Moses On The Nile
'Sisters! the wave is freshest in the ray
Of the young morning; the reapers are asleep;
The river bank is lonely: come away!
The early murmurs of old Memphis creep
Faint on my ear; and here unseen we stray,--
Deep in the covert of the grove withdrawn,
Save by the dewy eye-glance of the dawn.
'Within my father's palace, fair to see,
Shine all the Arts, but oh! this river side,
Pranked with gay flowers, is dearer far to me
Than gold and porphyry vases bright and wide;
How glad in heaven the song-bird carols free!
Sweeter these zephyrs float than all the showers
Of costly odors in our royal bowers.
'The sky is pure, the sparkling stream is clear:
Unloose your zones, my maidens! and fling down
To float awhile upon these bushes near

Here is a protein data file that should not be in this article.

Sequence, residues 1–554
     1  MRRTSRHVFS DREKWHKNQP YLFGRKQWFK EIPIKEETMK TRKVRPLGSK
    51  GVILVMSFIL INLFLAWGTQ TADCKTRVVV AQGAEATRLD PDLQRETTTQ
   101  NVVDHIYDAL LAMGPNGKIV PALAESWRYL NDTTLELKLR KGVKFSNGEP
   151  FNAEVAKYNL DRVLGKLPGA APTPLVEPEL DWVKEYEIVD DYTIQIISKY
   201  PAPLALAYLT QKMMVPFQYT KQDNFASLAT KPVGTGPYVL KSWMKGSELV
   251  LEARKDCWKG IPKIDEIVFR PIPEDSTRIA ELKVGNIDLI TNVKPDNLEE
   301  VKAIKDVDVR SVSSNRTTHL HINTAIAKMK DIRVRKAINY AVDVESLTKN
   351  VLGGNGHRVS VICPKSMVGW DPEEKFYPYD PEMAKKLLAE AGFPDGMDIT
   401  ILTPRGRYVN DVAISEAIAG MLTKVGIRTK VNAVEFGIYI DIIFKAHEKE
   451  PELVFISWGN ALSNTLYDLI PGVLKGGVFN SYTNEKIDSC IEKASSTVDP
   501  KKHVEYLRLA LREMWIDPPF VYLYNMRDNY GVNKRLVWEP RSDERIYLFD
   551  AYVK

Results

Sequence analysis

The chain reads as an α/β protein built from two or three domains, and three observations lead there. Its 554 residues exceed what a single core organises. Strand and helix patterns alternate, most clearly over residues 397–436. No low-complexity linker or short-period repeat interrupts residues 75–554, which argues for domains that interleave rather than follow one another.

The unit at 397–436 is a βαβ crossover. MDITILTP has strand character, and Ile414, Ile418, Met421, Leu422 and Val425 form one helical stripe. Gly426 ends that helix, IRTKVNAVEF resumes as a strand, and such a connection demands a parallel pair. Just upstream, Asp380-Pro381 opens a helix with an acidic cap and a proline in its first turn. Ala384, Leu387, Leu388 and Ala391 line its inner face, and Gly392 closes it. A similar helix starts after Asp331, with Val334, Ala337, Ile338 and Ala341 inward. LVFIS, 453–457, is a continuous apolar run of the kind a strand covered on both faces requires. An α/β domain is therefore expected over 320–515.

Your blue transparent robes: take off my crown,
And take away my jealous veil; for here
To-day we shall be joyous while we lave
Our limbs amid the murmur of the wave.
'Hasten; but through the fleecy mists of morn,
What do I see? Look ye along the stream!
Nay, timid maidens--we must not return!
Coursing along the current, it would seem
An ancient palm-tree to the deep sea borne,
That from the distant wilderness proceeds,
Downwards, to view our wondrous Pyramids.
'But stay! if I may surely trust mine eye,--
It is the bark of Hermes, or the shell
Of Iris, wafted gently to the sighs
Of the light breeze along the rippling swell;
But no: it is a skiff where sweetly lies
An infant slumbering, and his peaceful rest
Looks as if pillowed on his mother's breast.
'He sleeps--oh, see! his little floating bed
Swims on the mighty river's fickle flow,
A white dove's nest; and there at hazard led
By the faint winds, and wandering to and fro,
The cot comes down; beneath his quiet head
The gulfs are moving, and each threatening wave
Appears to rock the child upon a grave.
'He wakes--ah, maids of Memphis! haste, oh, haste!
He cries! alas!--What mother could confide
[...] Read more